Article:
The other candidate is lazy, soft on crime; a politician. These are the accusations blaring over Alabama airwaves, but you would be mistaken to think that 2012 White House hopefuls have begun campaigning. No, these are the television spots for Alabama Supreme Court candidates. These messages and others like them are often funded by large interest groups like the Alabama Democratic Party, and linked with the plaintiffs’ bar, the Business Council of Alabama, and groups like the U.S. Chamber of Commerce and the National Association of Manufacturers. According to the Brennan Center for Justice at New York University School of Law, Alabama’s judicial elections are the most expensive in the nation, with Supreme Court candidates having raised $40.9 million from 2000-2009.
A recent poll by Justice at Stake, a nonpartisan reform movement to “keep state and federal courts fair and impartial,” reveals that voters nation-wide view the influence of such large sums in state Supreme Court elections to be troublesome indeed. Approximately 87 percent of adults aged 18 or older indicated “‘all campaign expenditures to elect judges’ should be publicly disclosed, so that voters can know who is seeking to elect each candidate.” Think this issue divides along party lines? Wrong again. Justice at Stake cites Democratic heavyweights like Michigan Chief Justice Marilyn Kelly and Wisconsin Justice Ann Walsh Bradley, and Republican legal giants including former U.S. Solicitor General Ted Olson and former Supreme Court Justice Sandra Day O’Connor, as those sounding the alarm on money in judicial elections. Moreover, the same Justice at Stakes poll revealed that 82 percent of Republicans and 79 percent of Democrats indicated that a sitting judge “should not hear cases involving a campaign supporter who spent $10,000 toward his or her election.” Alabama newspapers have featured editorials over the past several months with titles like “Justice is not blind, but Alabama seems pretty dumb,” and “Our judicial mess.”
In spite of the national polls and strong pronouncements against the influence of money in judicial elections, little seems to be happening in Alabama on a state or grassroots level.
State political party leaders say they’re committed to reform. Of the party’s stance on reducing the influence of money in judicial elections, Alabama Republican Party Communications Director Philip Bryan says that the state GOP remains committed to “open and fair elections, financed through ways the public can see.” And the Democrats are just as responsible for the current system, Bryan points out: “[The] Alabama Democratic Party has spent more on state Supreme Court races than anyone else in the country, and seeing that they only have one seat, maybe they should spend their money elsewhere.” Indeed, the Alabama Democratic Party made $5,460,117 in candidate contributions from 2000-2009, according to a recent report by Justice at Stake. Coming in second for top spenders, the Republican-affiliated Business Council of Alabama contributed $4,633,534 during the same time period. Bryan also says the Dems have had a hand in preventing reforms. “The Democratic majority in the legislature has blocked our efforts to clean up campaign finance reform and promote transparency,” Bryan says.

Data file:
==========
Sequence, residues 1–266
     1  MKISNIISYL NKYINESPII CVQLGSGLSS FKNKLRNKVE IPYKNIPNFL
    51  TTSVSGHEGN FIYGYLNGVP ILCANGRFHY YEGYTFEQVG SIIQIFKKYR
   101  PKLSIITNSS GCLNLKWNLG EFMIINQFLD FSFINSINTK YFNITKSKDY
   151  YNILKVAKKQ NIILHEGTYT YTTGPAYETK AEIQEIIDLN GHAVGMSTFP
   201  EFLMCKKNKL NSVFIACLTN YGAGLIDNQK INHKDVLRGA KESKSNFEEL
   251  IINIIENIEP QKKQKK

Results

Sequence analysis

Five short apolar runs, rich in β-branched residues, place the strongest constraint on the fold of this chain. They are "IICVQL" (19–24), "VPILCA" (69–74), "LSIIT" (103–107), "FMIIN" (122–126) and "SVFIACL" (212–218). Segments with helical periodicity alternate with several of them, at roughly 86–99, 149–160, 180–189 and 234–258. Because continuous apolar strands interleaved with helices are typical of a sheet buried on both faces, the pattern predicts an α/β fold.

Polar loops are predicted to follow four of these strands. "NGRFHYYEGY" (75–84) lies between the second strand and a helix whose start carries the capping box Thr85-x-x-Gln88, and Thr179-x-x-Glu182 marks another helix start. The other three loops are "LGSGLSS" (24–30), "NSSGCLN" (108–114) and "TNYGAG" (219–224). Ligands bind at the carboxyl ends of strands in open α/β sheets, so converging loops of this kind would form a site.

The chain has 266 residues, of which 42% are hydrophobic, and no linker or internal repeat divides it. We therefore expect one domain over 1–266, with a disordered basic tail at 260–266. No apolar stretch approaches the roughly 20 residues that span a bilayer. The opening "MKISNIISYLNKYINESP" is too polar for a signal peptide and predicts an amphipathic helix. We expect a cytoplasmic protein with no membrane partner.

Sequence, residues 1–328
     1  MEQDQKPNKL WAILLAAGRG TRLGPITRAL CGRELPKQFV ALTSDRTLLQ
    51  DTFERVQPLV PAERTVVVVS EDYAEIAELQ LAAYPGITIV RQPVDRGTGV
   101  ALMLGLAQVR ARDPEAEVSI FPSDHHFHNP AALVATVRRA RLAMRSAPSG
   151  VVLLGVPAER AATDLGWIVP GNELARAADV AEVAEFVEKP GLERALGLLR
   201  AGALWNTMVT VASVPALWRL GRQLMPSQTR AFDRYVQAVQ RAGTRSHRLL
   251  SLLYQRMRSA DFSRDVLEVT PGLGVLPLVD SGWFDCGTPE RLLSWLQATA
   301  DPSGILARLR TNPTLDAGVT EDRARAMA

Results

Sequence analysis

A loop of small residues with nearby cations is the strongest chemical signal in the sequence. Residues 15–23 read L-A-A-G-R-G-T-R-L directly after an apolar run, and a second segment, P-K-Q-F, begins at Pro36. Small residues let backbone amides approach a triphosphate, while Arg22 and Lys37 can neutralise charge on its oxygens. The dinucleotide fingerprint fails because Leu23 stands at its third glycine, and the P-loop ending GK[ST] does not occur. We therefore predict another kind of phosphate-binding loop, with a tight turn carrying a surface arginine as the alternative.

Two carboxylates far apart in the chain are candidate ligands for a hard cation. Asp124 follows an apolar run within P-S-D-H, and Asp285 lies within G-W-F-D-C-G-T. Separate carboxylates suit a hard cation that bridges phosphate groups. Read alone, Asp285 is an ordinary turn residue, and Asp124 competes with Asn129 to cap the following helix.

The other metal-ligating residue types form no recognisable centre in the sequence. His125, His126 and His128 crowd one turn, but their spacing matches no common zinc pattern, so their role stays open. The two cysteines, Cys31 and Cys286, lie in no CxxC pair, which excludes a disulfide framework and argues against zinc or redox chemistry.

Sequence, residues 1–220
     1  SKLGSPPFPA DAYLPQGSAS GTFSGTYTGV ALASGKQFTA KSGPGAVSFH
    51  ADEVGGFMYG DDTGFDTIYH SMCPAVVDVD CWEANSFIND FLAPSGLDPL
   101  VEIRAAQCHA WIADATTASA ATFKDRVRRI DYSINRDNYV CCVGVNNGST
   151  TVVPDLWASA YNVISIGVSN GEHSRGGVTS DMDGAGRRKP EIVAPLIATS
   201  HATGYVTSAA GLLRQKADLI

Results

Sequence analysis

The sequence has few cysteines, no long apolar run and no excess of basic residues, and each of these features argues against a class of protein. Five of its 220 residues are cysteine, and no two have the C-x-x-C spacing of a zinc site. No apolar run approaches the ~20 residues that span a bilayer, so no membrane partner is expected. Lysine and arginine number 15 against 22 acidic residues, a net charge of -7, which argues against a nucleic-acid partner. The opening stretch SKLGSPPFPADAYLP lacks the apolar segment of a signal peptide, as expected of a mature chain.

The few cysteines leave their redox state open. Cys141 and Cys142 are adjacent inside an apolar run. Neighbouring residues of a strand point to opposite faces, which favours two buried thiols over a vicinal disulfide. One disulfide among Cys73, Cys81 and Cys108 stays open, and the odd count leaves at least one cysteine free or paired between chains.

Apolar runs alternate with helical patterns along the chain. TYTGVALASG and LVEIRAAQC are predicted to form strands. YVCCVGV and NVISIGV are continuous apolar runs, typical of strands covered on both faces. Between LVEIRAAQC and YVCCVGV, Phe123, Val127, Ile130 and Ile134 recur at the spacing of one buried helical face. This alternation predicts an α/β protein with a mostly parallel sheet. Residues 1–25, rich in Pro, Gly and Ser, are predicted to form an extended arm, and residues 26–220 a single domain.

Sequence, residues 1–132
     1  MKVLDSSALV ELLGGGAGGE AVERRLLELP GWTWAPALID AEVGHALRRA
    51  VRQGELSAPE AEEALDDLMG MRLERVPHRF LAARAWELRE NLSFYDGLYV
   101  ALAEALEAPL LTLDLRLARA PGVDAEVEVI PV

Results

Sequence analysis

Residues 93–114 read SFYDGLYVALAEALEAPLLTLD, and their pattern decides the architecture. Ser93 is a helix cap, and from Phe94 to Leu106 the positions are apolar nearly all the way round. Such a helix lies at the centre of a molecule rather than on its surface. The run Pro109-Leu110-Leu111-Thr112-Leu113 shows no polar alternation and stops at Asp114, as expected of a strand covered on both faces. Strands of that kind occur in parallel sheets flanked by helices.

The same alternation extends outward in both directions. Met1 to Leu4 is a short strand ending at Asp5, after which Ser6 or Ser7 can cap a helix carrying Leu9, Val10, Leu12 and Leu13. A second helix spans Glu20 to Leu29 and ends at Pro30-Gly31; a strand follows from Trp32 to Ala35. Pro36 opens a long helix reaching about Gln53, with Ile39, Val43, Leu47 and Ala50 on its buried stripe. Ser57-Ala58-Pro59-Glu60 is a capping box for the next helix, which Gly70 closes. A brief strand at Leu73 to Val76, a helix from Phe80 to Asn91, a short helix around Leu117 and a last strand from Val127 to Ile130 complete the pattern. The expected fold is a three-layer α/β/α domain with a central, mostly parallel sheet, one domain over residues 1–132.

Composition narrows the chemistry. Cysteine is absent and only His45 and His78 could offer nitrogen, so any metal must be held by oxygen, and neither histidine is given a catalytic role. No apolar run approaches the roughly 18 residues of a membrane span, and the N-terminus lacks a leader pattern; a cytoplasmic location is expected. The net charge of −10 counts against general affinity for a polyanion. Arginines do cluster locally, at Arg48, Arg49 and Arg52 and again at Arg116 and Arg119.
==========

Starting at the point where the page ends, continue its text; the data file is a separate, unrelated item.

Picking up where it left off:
Across the aisle, Executive Director of the Alabama Democratic Party Jim Spearman said that Alabama state Democrats have worked hard to pass bills to reform the influence of money in Alabama judicial elections. According to Spearman, the major roadblock is that the “[state] Republican Party does not want to see change.” Spearman expressed the state Democratic party’s emphasis on the need for third-party disclosure legislation that would proscribe special interests from bankrolling a candidate indirectly through a third-party: “One need only look to Exxon Mobil’s efforts that funnel money to buy seats on the Court.” Ultimately, Spearman commented that despite desires to reform Alabama’s judicial elections system, “no grassroots movement exists.”
Charles Hall, Director of Communications for Justice at Stake, agrees, commenting, “it’s fair to say there’s no grassroots movement [in Alabama].” When asked about the void despite broad public support for such reforms, Hall says “reformers always experience a disadvantage—going out and getting people to feel that their issue is more important than getting money for a road to be built or a new classroom.”
In addition to a lack of resources, Hall says the public’s consciousness is rarely raised about the effects of money in judicial elections. “People on principle think these [reform] actions are good things to do, but they are not the type of discussions that happen around dinner tables,” Hall observes. “It takes a rare seismic event, and the recent Citizens United v. Federal Election Commission case is the closest we’ve come to that. Citizens United has triggered as much genuine ground level reaction to the issue as I have ever seen.”
Yet, heightened awareness as of yet has not translated to a push for change. While polls indicate that the people have spoken, and state parties say cleaning up judicial campaigns is an idea they can both embrace, financial support to Alabama judicial candidates of both parties continues its upward trend. After all the dialogue, one can hear a pin drop in Alabama.
Gregory Proseus is a second-year law student at William & Mary Law School.